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Medical Homes for the Homeless Can Curb ED Use Print E-mail
Written by Julie Bird   
Monday, 25 March 2013 09:40

Hospitals are looking at providing homeless and uninsured patients services such as mobile medical homes to reduce their use of expensive emergency department care... Largo, Fla., Pinellas County is using a $5 million federal grant to build a health clinic aimed at homeless families, the Tampa Bay Times reported. Baycare and All Children's Hospital are expected to provide medical staff.

County officials told the Times that homeless families often forego primary care treatment for their children out of fear doctors will turn them in to the Department of Children and Families, the local social-services agency.
Source:  Fierce Healthcare                                       


Editor's Note:  FHIcommunications and Fierce Healthcare are Content Exchange Partners.

Last Updated on Sunday, 31 March 2013 15:37
Do EHRs Contribute to Coding and Payment Inaccuracies? Print E-mail
Written by   
Sunday, 17 March 2013 00:00

Many providers have touted the electronic health record (EHR) as the magic bullet to improve billing accuracy.  However, according to the Center for Public Integrity, "Medicare regulators also acknowledge they are struggling to rein in a surge of aggressive - and potentially expensive - billing by doctors and hospitals that they have linked, at least anecdotally, to the rapid proliferation of the billing software and electronic medical records.  A variety of federal reports and whistleblower suits reflect these concerns."

In the 'paper world,' physicians document the visit note and then generate a billing slip or superbill with the codes represented in the documentation.  Pre-printed diagnoses are either checked off for the patient's visit, or if a particular condition is not listed, the clinician writes it freehand on the form.  With regard to procedures, here too, the most common ones are pre-printed on the form and checked off by the doctor.  It is rare that a provider adds a procedure to the billing slip.  This document is routed to the biller for processing.  It is important to note that the biller's role is to process billing information and follow up on outstanding payments, not to assess the accuracy of the clinician's documentation.  Click here to read more.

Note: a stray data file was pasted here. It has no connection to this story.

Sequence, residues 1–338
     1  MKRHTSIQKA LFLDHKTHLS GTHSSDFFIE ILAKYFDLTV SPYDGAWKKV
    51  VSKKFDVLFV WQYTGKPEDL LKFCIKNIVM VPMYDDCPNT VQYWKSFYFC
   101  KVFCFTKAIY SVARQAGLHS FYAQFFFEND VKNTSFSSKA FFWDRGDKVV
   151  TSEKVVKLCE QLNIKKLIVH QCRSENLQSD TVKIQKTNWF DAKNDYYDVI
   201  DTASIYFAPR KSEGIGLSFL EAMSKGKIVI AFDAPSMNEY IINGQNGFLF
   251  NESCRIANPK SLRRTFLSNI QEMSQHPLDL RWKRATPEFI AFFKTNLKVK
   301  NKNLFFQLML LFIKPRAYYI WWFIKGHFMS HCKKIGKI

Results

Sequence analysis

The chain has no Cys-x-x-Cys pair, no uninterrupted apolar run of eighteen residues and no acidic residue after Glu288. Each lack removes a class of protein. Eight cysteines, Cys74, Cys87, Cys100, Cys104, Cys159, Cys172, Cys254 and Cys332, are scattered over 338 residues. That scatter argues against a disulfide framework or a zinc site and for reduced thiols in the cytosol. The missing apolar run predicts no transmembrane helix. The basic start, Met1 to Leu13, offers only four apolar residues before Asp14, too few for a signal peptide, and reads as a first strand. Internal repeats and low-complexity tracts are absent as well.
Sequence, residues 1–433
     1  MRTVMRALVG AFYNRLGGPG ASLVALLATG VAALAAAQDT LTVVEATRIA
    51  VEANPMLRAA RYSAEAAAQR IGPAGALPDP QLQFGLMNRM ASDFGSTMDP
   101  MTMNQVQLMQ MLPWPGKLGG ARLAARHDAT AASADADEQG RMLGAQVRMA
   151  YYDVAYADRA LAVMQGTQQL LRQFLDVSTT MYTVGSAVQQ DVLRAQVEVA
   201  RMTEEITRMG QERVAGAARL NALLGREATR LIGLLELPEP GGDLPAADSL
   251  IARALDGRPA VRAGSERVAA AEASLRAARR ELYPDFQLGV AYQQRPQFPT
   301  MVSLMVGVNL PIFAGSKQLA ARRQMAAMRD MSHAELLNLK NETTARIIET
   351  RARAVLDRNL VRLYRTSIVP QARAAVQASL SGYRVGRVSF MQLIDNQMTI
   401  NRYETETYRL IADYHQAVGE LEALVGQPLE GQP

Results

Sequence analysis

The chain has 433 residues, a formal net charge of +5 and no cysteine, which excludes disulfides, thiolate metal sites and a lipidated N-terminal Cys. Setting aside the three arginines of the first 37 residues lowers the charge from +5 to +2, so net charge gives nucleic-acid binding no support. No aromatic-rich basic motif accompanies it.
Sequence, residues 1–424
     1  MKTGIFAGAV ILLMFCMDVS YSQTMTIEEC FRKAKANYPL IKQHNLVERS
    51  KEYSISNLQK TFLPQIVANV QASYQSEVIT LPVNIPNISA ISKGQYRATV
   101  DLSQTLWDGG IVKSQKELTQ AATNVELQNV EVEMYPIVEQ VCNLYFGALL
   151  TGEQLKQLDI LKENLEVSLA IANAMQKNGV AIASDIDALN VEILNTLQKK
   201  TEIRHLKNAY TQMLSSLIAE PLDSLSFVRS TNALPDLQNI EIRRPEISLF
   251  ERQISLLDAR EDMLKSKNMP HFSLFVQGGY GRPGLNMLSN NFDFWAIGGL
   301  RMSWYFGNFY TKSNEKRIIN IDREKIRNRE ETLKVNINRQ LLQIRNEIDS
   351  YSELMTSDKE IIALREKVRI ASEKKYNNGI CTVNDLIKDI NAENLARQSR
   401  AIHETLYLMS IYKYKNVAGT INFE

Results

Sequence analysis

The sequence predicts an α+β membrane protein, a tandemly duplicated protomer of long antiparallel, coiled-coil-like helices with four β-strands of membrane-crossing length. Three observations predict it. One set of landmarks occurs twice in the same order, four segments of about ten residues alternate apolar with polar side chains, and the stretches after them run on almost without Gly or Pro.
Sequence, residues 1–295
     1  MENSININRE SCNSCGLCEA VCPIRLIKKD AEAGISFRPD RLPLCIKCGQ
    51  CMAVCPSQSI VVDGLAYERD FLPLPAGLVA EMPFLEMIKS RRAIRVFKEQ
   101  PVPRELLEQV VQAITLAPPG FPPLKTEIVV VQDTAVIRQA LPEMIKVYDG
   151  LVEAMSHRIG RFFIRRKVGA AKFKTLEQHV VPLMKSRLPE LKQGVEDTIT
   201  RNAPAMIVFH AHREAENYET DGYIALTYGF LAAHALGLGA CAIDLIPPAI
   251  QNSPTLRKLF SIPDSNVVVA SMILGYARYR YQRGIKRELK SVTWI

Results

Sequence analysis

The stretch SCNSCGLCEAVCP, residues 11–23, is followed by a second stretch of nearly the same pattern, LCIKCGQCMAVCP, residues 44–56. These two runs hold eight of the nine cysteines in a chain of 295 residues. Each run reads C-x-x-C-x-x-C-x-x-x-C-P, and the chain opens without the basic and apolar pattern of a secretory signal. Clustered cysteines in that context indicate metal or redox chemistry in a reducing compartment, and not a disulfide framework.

Source:  Coleman Consulting Group (CCG)

Last Updated on Monday, 18 March 2013 08:53
Why I Can't Wait to Hear Patient Complaints Print E-mail
Written by   
Saturday, 09 February 2013 00:00

I have not always been excited to hear patient complaints. As a younger manager I absolutely dreaded when a patient wanted to speak to me. I felt that I had little to offer a patient who expressed anger or frustration with something that had happened and I was very impatient to get past the complaint and get back to my "job."
Now, I can't wait to hear patient complaints...


Source:  Manage My Practice
Outsource your Credentialing & Payor Provider Enrollment Print E-mail
Written by Jeff Hollender, MBA   
Sunday, 03 February 2013 00:00

Outsourcing credentialing and payor provider enrollment is becoming increasingly popular among U.S. medical practices.  If the right consultant is selected, this can be a cost-effective technique to shift time consuming and complex administrative tasks to experts.